A few weeks ago I remember reading on some CNMI blogs criticisms of foreigners living and working in the CNMI who did not have basic knowledge of such things as the words of the national anthem and failed to understand the protocol for when the song is performed.  Few foreigners come to the U.S. with  basic knowledge concerning such things as the national anthem, the Pledge of Allegiance, or even basic U.S. government and history lessons.  

Was the fact that some foreigners did not know the words to the national anthem or proper protocol a legitimate criticism?  I am not sure that it was. Knowledge is gained by being taught, whether it is through a process of being taught by another person or persons or being self-taught through seeking out what one wants to learn.  This applies to CBP officials and to foreigners who seek U.S. status. 

I have had the privilege of teaching non-English speaking immigrants English and basic U.S. civics through an ESOL night school course.  I had adult students from Cambodia, Columbia, Panama, Mexico, the Czech Republic, Brazil, and a variety of other countries.   I have also trained some of my service learning students to tutor immigrants to help them to pass the citizenship test.  One thing I learned is that the foreigners, whether they are guest workers, refugees, or immigrants are eager for this knowledge.  So this summer I will be adding a new section to this site to help foreigners in the CNMI gain basic knowledge that every responsible U.S. citizen should know.  

3 comments:

Anonymous said...

Most of the DHS agents dont know where the CNMI is nor do they care.

There are thousands of contract workers in the CNMI who cannot read or write the English language. There are a myriad of forms and applications that will need to be filled out IF some improved status is given. I would suggest that these workers start studying now in order to be ready.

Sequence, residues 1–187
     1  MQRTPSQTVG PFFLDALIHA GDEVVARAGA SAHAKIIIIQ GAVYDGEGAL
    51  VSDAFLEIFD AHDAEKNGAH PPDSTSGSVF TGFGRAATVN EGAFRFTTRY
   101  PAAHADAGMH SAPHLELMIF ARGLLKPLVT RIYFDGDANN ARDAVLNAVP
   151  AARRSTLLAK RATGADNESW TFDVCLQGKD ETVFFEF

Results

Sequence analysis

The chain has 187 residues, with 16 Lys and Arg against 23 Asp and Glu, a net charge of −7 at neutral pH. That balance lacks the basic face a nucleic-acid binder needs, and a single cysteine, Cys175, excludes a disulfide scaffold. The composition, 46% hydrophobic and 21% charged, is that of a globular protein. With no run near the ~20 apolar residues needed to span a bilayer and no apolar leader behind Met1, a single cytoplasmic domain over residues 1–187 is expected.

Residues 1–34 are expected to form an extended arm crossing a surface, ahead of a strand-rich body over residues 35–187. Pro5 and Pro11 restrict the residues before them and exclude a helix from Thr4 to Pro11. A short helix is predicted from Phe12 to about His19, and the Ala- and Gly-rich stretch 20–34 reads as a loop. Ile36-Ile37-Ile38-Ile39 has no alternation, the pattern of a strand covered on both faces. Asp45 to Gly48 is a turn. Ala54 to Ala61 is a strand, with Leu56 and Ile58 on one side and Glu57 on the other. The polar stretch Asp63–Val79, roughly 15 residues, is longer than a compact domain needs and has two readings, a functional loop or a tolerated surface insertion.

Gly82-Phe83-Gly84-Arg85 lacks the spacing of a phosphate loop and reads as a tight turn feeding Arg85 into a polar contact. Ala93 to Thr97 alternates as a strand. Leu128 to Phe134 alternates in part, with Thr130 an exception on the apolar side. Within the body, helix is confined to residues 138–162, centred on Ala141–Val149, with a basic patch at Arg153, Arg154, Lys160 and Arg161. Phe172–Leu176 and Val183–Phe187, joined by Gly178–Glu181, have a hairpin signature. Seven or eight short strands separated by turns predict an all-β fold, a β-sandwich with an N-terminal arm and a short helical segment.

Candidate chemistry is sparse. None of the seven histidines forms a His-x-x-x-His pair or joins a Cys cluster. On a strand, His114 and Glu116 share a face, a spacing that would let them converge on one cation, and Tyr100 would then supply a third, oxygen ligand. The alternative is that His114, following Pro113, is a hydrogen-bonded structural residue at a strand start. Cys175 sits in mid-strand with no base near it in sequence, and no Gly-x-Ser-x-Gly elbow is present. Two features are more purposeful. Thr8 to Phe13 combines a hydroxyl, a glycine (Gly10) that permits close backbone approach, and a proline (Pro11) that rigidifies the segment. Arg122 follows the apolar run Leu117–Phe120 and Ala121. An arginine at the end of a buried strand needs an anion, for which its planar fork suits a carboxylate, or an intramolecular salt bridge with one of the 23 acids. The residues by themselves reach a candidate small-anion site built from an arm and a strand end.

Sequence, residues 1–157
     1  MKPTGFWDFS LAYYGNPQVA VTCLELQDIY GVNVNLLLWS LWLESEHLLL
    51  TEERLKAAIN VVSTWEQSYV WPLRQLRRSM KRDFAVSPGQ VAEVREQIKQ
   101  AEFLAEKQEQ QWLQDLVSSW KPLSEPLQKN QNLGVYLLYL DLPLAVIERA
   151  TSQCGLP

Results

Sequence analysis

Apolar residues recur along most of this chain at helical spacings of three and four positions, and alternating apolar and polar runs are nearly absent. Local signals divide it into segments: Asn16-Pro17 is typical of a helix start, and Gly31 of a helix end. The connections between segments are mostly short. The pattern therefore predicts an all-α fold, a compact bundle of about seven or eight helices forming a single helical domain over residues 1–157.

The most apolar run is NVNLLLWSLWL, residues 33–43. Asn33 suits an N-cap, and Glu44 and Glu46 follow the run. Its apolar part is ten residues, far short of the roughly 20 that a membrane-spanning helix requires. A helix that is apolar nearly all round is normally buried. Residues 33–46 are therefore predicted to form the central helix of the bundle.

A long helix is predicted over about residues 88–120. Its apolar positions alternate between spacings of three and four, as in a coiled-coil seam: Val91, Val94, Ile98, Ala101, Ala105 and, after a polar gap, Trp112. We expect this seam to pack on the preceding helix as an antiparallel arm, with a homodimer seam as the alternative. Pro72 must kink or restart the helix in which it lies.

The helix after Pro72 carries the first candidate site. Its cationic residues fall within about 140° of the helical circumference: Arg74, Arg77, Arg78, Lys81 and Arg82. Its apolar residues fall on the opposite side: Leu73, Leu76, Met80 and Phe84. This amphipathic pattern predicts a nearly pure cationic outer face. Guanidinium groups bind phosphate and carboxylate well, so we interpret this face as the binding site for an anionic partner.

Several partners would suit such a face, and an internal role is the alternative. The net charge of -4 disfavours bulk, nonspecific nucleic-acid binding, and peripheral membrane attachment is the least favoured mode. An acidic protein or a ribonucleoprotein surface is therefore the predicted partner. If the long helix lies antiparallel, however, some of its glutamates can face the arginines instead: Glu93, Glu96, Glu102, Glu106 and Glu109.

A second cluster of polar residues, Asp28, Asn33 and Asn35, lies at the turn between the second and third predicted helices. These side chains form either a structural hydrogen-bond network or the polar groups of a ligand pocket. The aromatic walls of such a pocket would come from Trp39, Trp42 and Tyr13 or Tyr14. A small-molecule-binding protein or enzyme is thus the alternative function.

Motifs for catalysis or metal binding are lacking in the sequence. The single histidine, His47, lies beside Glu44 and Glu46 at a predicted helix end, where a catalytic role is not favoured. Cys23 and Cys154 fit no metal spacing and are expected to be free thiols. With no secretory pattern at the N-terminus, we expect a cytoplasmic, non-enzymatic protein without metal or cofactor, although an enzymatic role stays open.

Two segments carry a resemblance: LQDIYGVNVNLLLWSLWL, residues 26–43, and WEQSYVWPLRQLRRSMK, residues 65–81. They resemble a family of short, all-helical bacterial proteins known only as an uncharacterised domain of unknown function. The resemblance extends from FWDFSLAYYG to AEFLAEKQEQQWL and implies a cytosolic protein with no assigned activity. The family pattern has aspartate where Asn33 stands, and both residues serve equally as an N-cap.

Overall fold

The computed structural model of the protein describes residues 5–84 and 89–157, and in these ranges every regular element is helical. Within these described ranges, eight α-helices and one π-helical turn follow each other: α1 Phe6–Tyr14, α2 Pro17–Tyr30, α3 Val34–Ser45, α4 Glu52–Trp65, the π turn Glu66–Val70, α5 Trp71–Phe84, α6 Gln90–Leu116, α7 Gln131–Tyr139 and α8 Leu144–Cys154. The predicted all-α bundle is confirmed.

Thousands barely have a means to support themselves much less open up a bank account and prove financial stability to the US Government. This I believe is a requirement for any improved status. Showing up in Los Angeles with twenty bucks is not recommended.

Immigration now in the US is far different from what it was fifty years ago. It is much more difficult to become a US Citizen. The easiest path is money. 500k to a 1000000m can get a college students foot in the door. The other process is a long and difficult one. A foreigner must prove that they will be worthy addition to the US workforce. Thats why Canadian professionals have it easy as well as Western Europeans.

Anonymous said...

When the OCWs from Bangladesh arrived in the NMI in the late 1990s only a couple could speak English. Now every one of them can. Every Filipino speaks English and now more Chinese are learning the language. I give them a lot of credit. How many of us could go to a foreign country and immediately learn the language, customs and protocol? Furthermore, not any of them were ever told that they had a chance to become U.S. citizens so that they have even bothered is a tribute to them.

Anonymous said...

I came back here at mainland, barely a week ago, after 2 months of vacation in Saipan. The polite officer had no problem reading the information from my GC, however I was bothered when he asked me "how long have you been away?". He did not know where Saipan is, and he did not know that going to Saipan is not being away from US territory.